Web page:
The SEC's budget shows just how outgunned it is

The Securities and Exchange Commission’s Congressional Budget justification for 2020 and the president’s budget offers lots of information to consider.

The trick is, rather than getting mired in the weeds, one should review four top-line numbers provided by the reports. To wit, the executive summary of the 2020 budget appropriations document says the agency expects to oversee $97 trillion in securities trading, a 29-percent jump from the $75 trillion it saw supervising in 2019.

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By comparison, the budget increase request for fiscal year (FY) 2020 is $1.746 billion, just 5.3-percent greater than the $1.658 billion budgeted for FY 2019.

While much greater than the rate of economic growth and inflation, combined, the stark comparison of these two rates of increase shows the difficult position the SEC faces as it attempts to fulfill its mission to protect investors, maintain fair, orderly and efficient markets and facilitate capital formation.

These numbers reiterate the point we made back in July of 2018: The notion of investor protection is starving on the vine.

As we pointed out at the time, the SEC is vastly outgunned by the companies it oversees. With all of the 2018 10-K reports now filed, we can see the combined tech and communications spending for Morgan Stanley, JP Morgan Chase and Citigroup topped $18 billion, an increase of 12.5 percent over 2017. 

Granted, much of this investment by banks is allocated to protect their investors, depositors and others customers and staff from cyber theft, and much of this spending is mandated by their regulators, which in a way extends the SEC budget.

But these tech and communications allocations also fund the efforts of these systemically important banks to trade more nimbly and to develop evermore exotic securities. In substance, then, these figures demonstrate that the SEC is gravely outmatched and that private industry is increasing its spending at a rate more than twice that of its regulator.

Finally, these numbers represent a fraction of comparative spending in the investment sector. Large hedge funds like Bridgewater Associates, with $125 billion under management, or mutual fund complexes like Vanguard, with $5 trillion under management, or discount brokers like Charles Schwab and TD Ameritrade are also spending billions on technology.

No doubt, some portion of this is directed toward high-tech trading algorithms, which is keeping the banks, hedge funds and high-frequency traders one step ahead of the SEC.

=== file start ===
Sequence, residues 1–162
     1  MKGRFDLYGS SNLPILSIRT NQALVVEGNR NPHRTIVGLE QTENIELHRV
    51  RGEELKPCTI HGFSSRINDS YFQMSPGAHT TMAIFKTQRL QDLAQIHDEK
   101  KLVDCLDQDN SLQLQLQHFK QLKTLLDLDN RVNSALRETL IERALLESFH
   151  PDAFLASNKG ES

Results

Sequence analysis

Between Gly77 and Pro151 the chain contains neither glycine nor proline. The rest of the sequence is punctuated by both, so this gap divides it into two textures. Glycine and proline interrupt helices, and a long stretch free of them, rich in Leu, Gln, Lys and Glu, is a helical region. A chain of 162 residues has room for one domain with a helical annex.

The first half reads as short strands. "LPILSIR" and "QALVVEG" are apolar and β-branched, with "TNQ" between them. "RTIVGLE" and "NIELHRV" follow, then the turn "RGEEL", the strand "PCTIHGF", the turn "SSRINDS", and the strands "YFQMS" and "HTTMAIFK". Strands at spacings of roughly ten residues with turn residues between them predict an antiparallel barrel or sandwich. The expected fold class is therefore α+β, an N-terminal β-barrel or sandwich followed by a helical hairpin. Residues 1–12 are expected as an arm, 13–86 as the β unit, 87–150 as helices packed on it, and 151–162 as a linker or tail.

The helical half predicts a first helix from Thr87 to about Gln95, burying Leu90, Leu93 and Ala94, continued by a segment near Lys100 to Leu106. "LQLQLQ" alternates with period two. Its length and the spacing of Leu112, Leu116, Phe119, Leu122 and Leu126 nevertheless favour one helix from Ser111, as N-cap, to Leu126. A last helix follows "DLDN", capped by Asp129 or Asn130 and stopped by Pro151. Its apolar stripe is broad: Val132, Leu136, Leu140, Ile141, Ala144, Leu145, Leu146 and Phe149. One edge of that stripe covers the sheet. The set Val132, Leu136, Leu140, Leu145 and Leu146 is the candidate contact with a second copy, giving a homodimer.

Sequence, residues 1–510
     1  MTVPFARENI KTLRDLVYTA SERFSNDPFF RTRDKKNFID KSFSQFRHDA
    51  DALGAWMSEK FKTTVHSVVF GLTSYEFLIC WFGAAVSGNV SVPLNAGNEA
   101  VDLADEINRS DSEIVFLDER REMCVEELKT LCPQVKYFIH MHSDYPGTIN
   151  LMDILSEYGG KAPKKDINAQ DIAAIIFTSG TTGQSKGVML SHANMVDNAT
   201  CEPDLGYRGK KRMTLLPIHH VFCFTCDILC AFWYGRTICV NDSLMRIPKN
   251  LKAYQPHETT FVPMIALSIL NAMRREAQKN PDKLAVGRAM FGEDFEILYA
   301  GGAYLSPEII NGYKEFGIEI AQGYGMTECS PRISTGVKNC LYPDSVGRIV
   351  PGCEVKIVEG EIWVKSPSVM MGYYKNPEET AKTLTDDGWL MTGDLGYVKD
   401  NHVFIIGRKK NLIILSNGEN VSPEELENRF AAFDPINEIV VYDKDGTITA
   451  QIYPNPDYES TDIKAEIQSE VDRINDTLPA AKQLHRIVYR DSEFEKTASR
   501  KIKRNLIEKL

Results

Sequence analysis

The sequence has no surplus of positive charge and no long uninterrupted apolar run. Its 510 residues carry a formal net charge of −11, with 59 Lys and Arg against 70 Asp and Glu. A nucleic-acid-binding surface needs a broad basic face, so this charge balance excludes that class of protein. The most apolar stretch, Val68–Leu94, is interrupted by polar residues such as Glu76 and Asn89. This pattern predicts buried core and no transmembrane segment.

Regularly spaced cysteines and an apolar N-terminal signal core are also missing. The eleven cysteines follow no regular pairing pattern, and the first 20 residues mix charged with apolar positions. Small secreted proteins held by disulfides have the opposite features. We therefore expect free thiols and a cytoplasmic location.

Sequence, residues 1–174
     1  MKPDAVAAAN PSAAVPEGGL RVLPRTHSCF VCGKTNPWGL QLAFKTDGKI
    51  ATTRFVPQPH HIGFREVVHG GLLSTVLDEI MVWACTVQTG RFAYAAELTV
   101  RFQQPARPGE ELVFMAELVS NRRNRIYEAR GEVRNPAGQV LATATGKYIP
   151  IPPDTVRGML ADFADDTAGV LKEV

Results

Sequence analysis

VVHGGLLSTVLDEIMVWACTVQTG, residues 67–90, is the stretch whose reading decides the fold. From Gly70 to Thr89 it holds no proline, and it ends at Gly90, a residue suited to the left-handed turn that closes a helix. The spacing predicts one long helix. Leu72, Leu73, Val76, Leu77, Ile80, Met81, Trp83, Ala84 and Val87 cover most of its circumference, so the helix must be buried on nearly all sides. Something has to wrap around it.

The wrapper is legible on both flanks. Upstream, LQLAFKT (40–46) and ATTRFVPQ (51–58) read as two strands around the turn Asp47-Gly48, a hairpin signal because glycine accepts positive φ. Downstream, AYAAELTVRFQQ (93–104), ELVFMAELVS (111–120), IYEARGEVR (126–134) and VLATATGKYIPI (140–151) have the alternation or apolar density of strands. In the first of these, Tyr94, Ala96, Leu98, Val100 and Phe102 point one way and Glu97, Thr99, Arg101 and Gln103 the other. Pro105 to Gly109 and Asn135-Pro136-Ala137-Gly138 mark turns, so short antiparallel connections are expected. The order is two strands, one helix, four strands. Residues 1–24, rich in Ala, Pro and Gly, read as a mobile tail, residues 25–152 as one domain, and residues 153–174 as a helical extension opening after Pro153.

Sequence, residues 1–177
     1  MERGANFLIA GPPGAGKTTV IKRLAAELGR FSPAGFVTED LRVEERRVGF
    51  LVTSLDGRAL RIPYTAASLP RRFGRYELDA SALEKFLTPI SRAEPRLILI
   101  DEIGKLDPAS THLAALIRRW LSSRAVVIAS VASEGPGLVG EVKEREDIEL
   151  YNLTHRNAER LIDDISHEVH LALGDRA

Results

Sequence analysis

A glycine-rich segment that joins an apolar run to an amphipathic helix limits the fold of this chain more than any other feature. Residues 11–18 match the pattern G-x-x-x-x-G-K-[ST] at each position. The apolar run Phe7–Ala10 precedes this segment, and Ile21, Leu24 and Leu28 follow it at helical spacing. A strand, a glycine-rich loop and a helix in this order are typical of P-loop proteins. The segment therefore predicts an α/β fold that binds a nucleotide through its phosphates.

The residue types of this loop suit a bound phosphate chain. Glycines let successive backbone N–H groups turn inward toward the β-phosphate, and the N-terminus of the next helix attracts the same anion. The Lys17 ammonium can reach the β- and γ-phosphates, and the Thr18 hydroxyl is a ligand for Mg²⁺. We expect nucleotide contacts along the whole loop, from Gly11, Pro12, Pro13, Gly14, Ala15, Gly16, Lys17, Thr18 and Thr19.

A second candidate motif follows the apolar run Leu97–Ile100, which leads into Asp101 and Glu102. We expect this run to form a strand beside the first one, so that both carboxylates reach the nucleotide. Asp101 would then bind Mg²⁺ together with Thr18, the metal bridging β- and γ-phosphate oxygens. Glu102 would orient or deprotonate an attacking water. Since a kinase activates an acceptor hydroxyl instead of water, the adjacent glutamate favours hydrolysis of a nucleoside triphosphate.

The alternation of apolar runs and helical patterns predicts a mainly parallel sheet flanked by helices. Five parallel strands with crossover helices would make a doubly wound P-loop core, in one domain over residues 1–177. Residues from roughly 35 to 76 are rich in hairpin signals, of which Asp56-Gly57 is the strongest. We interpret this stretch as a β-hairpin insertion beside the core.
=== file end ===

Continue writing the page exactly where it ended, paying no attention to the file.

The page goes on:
When viewing this budget through the prism of investor protection, we find it highly dissatisfying not just for what the top-level numbers say, but more broadly what it says about a lack of ambition on the part of the commission. 

For instance, the SEC’s Division of Enforcement contemplates opening 870 investigations in FY 2020, the same as projected for FY 2019.

In the Division of Trading and Markets, full-time personnel is budgeted to grow from 243 employees to 255, a 4.9-percent increase, again well short of the expected growth of trading volume under the SEC’s purview.

Also, the Division of Investment Management anticipates reviewing 810 enforcement matters in FY 2020, the same as it reviewed in FY 2019.

Moreover, the budget fails to provide any nuanced strategy for maintaining the agency’s most critical asset: its people. Approximately 69 percent of the 2020 budget represents compensation for its 4,500 employees. 

In particular, the securities industry welcomes former regulators with open arms, and often with much higher compensation. Not only do these employees take their institutional knowledge with them, they also use this knowledge to the detriment of the SEC and investor interests and to the advantage of their new employers.

The appropriations documents are encouraging in one way. They are well-organized and point to an agency that has a clear mission and well-developed programs to accomplish that mission.

At first blush, the appropriations documents paint a picture of government as one might hope it would be. Unfortunately, they also show how difficult effective regulation is without the proper level of funding.

Kurt N. Schacht, JD, CFA, is managing director of the advocacy division of CFA Institute, a global association of investment professionals.